Tale of Splinter Foot Boy

An orphan boy who lived alone with his grandmother was a famous hunter and often went out on a long hunt with his friends. One time, while they were a long way from home, the boy was wounded by a stick that pierced his leg and broke off inside of it. His leg festered and swelled up so that he could not walk and his friends had to carry him home. His leg continued to swell until it was as large as his body; then the skin broke, but instead of the stick coming out, a child came. The boy was angry and would not look at the child or have anything to do with it. His grandmother took pity upon the baby and cared for it.

One day while she was away the boy took the child and carried it to the lake, where he left it to starve or be eaten by the wild animals. He was afraid to return to his grandmother’s home for fear she would know that he had thrown his child away, and so he went far off and lived alone. The child lay on the shore of the lake for a long time, and as he lay there he grew to be a good-sized boy. Finally many birds flew over the lake, and when they were about half way across the lake, the water appeared to leap up to the sky and draw the birds down. Every day the boy saw the water leap up to the sky whenever any birds flew past, and one time he saw a big water monster in the water. He saw the monster draw so many birds into the water that he was afraid it would kill all the birds in the land, and he wished that he could kill it. While he was thinking about a way to kill the monster, he felt some one hit him on the back. He turned around and there behind him stood a boy about his own age. He was Medicine-Screech-Owl, but the boy did not know who he was or anything about him. Medicine-Screech-Owl asked the boy what he was thinking about, and the boy told him that he was thinking how he could kill the water monster that ate up all of the birds. Medicine-Screech-Owl told the boy that he would help him kill the monster. He showed him where the old woman, his grandmother lived, and then he told him to go to her house and get six arrows and a bow and six grains of corn from six kinds of corn and then return to the lake.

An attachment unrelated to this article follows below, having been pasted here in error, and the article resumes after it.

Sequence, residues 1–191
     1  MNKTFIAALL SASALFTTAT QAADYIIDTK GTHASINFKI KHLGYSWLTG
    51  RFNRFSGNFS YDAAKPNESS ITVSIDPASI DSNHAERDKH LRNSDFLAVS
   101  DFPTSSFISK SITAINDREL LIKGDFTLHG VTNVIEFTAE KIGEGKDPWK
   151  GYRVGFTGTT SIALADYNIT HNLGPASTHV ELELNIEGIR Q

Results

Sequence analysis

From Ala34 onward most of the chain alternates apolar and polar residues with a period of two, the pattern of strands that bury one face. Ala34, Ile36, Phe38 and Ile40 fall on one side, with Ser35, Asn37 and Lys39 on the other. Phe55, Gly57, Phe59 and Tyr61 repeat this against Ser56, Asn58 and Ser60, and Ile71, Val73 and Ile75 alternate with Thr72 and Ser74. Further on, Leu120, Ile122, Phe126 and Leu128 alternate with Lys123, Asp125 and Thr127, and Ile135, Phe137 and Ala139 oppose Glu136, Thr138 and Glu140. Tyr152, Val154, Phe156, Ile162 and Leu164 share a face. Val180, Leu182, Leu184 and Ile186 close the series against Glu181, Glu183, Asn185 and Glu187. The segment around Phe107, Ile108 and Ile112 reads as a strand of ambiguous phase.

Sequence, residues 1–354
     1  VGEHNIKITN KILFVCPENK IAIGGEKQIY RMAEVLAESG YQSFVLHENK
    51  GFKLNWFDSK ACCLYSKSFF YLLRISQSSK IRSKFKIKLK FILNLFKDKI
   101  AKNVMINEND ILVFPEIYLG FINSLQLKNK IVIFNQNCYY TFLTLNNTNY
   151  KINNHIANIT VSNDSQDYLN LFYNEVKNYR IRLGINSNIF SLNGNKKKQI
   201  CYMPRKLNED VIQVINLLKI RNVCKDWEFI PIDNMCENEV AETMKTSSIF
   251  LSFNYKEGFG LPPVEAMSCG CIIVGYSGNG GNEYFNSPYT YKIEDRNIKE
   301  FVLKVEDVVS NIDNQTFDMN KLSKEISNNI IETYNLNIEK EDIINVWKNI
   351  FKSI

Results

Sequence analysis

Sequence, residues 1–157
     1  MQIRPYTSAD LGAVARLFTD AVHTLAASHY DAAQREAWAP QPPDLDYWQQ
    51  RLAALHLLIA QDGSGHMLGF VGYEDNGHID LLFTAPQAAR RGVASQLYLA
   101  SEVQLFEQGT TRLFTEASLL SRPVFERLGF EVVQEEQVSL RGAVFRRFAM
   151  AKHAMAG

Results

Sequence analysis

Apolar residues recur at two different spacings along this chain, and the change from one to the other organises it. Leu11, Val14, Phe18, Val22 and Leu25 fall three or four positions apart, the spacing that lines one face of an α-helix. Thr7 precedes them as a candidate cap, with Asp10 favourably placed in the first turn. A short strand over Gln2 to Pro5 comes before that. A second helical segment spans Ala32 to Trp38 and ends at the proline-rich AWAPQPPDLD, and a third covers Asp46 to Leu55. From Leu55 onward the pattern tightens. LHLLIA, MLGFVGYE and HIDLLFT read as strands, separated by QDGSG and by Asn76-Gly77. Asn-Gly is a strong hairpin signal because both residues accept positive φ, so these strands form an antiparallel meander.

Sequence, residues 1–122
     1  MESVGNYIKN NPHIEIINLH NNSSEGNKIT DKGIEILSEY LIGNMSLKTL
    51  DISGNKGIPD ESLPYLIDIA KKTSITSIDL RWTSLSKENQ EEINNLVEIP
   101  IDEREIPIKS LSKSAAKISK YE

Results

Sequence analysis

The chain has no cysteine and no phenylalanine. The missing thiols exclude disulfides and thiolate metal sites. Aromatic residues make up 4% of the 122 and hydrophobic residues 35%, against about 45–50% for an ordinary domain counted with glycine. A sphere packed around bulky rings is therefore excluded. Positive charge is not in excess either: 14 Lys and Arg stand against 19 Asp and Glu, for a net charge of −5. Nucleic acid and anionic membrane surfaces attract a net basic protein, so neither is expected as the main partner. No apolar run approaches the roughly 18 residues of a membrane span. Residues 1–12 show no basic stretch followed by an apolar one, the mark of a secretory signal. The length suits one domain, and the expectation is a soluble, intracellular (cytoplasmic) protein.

When the boy went to the old woman’s house she was surprised and happy to see him, for she had been very lonely since the orphan boy and his son had disappeared, and had given up all hope of ever seeing them again. The boy told her what he wanted, and she gave him all he asked for. Then he returned to the lake, where he found MedicineScreech-Owl waiting for him. Medicine-Screech-Owl took three grains of each of the six kinds of corn and threw them into the air. They became birds and flew out across the water, and the water monster leaped up to draw them down. As he leaped up Medicine-Screech-Owl cried to the boy to shoot it. He shot the first arrow, but it did not go near the monster. The second went nearer, and so did the third, fourth, and fifth, and the sixth pierced it through. The great monster rolled over on its side and floated on the water, and then they could see how large it was. Medicine-Screech-Owl said that it was the largest water monster in the world. He told the boy to take his bow and pull the animal to dry land, but the boy knew that he could not move the monster with his little bow, and so did not try. To his surprise MedicineScreech-Owl took his bow, that was even smaller, and pulled the great monster to the bank. When he had done this he disappeared, and then the boy went back to his grandmother’s house and told her about the boy he had met at the lake and how they had killed the big water monster. The old woman knew that the boy’s companion was MedicineScreech-Owl, and she also knew that he had given the boy wonderful power, though she said nothing.